Things to know as prosecutors in Colorado theater shooting trial prepare to rest their case

After eight weeks of often dramatic and emotional testimony, prosecutors are wrapping up their case against Colorado theater gunman James Holmes.

Holmes is charged with killing 12 people and injuring 70 in July 2012 at a suburban Denver movie theater. He has pleaded not guilty by reason of insanity.

In Colorado, the burden is on prosecutors to convince jurors beyond a reasonable doubt that Holmes was sane when he opened fire on the crowded auditorium.

Here are some things to know as the prosecution prepares to rest its case Friday:



Judge Carlos A. Samour Jr. dismissed a fifth juror Wednesday, saying she wasn't totally forthcoming with him when she said she recognized a witness who testified in May.

That leaves 19 jurors, including seven alternates.

Another juror was dismissed this week after her brother-in-law was shot in an armed robbery. Last week, three others were released amid concerns they were exposed to media coverage and might not have been truthful about it.

The latest juror to be dismissed told the judge on May 6 that she recognized a witness as the parent of a boy who attends the school where the juror works.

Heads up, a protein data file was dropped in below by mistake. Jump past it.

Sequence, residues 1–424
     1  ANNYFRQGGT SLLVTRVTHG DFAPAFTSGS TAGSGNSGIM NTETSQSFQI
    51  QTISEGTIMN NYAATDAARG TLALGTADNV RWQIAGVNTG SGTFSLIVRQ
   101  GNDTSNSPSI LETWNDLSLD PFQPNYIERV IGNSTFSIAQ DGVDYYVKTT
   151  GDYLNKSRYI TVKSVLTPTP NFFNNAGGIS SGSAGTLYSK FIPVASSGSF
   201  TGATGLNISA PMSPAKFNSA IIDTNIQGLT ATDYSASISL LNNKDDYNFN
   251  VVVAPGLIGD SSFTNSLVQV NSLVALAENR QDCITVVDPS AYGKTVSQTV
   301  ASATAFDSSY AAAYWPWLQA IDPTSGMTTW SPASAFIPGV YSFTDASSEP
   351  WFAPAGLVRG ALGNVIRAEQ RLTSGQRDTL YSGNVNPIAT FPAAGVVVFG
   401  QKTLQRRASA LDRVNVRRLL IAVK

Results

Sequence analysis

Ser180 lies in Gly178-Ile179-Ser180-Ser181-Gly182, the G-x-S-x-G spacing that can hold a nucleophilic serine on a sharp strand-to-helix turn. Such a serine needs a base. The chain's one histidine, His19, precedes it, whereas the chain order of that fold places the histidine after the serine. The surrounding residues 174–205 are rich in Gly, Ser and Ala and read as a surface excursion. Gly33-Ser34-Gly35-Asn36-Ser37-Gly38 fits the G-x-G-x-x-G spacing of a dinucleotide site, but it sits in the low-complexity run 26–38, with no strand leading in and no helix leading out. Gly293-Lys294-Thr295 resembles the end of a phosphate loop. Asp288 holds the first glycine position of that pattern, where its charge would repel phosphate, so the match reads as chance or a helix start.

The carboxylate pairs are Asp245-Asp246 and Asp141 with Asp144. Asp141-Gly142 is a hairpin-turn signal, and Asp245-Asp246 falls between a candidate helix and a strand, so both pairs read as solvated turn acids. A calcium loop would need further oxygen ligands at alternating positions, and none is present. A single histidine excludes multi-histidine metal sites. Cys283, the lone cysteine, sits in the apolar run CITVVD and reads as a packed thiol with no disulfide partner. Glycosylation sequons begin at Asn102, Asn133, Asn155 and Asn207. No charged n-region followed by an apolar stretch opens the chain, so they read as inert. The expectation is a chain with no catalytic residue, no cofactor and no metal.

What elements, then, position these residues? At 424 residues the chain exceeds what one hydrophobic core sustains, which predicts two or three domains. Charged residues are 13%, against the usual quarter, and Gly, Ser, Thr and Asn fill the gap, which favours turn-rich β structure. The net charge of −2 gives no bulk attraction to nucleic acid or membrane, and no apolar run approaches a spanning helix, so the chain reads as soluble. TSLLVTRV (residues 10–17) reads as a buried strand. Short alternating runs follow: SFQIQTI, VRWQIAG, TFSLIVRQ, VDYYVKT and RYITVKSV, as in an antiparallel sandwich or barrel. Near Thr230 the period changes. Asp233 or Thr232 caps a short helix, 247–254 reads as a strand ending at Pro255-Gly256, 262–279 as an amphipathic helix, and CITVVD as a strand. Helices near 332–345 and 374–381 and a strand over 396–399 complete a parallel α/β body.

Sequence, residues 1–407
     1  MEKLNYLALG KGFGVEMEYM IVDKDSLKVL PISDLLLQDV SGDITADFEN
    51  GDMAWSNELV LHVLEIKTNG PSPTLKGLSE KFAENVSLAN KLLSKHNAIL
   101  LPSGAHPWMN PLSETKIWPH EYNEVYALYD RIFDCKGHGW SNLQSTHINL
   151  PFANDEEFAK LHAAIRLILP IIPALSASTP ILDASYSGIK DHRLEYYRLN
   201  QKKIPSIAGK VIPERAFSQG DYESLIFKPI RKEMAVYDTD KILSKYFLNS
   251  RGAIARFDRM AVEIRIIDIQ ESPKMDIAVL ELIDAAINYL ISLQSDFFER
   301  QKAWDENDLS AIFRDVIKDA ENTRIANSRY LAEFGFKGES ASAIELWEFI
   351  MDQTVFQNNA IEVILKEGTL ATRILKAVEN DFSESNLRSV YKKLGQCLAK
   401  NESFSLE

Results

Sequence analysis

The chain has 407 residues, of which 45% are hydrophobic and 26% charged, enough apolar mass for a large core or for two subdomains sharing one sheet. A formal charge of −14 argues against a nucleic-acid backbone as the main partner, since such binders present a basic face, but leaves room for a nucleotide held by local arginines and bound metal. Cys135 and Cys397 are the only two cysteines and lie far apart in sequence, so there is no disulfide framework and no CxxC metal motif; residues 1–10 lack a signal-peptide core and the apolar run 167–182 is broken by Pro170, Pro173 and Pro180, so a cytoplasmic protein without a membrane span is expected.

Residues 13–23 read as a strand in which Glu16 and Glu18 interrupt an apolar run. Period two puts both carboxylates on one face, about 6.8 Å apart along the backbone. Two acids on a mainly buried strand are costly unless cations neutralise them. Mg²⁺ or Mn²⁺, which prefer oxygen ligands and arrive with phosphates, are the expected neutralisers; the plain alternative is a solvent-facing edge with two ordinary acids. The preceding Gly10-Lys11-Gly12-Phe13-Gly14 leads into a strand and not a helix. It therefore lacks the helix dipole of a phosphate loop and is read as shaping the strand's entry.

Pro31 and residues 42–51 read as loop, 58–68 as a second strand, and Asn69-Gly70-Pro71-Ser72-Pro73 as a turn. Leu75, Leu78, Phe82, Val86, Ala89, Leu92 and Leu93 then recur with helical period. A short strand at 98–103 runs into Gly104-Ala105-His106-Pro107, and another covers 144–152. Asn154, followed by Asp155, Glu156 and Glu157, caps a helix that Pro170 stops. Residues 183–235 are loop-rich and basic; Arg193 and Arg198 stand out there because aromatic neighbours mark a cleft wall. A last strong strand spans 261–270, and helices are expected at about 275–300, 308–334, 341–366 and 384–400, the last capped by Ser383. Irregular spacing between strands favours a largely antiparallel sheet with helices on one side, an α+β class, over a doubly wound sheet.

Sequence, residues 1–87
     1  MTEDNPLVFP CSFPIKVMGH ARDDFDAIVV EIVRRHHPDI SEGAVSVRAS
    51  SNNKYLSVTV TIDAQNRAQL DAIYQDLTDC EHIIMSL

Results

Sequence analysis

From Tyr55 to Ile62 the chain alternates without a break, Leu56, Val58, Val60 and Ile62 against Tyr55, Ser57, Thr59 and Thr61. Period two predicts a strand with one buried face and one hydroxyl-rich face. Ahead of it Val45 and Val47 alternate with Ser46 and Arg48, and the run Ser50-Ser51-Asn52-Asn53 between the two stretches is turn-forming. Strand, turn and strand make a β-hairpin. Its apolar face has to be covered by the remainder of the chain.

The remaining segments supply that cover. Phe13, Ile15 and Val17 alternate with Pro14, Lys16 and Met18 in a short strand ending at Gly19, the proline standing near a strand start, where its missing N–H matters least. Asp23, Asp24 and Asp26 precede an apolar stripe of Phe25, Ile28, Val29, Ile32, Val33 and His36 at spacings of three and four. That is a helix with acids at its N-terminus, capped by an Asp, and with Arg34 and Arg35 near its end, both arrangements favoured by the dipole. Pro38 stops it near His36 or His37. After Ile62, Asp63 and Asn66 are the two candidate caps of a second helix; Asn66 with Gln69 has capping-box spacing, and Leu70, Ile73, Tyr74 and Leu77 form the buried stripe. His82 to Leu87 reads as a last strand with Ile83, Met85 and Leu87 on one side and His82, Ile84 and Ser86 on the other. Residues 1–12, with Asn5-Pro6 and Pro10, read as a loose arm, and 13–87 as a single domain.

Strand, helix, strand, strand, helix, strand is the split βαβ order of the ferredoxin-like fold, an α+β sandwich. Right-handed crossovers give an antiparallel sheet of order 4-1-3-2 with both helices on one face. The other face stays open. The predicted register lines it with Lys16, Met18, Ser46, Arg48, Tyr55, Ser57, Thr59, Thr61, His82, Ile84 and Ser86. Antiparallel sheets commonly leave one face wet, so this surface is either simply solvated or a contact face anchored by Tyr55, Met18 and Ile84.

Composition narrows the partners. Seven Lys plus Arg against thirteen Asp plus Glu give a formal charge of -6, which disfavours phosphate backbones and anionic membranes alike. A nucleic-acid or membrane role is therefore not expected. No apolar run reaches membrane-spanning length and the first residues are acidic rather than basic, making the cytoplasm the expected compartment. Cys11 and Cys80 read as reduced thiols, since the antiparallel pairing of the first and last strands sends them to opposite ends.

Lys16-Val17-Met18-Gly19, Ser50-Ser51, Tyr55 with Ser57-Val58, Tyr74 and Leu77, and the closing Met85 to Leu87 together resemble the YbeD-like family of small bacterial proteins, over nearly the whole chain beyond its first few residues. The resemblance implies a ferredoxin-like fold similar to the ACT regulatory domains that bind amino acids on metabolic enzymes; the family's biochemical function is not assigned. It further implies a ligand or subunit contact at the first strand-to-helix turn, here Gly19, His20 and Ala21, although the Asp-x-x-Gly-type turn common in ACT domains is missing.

Prosecutors could call several key witnesses before they rest their case. Among them is Ashley Moser, who was paralyzed and suffered a miscarriage in the shooting. Her 6-year-old daughter, Veronica Moser-Sullivan, died in the attack.

They also could call two other University of Colorado therapists Holmes briefly saw when he was a neuroscience graduate student there.

Dr. Lynne Fenton, the psychiatrist who had the most interaction with Holmes before the shooting, told jurors Tuesday he never revealed his specific plans or targets. She said she lacked enough evidence to have him detained after he confessed having general homicidal thoughts.

Fenton did tell a campus police officer about her concerns, and that officer could be called to testify.

Jurors also might hear from a fellow neuroscience student and romantic interest who exchanged text messages with Holmes around the time he withdrew from school.



Prosecutors on Thursday are expected to show emails Holmes sent while he was a student.

Prosecutors say the emails show his state of mind was unchanged in the months before the attack. They also say the writings illustrate how he concealed his plans from those closest to him.



The judge said Wednesday the massive proceedings are moving far ahead of schedule.

Jury selection in the death penalty trial started Jan. 20, and the case was expected to run into September or October.

But Samour said his goal is to have a verdict and, if necessary, a sentence by the end of August.

Defense attorneys will open their case July 25. They expect it to take less than two weeks.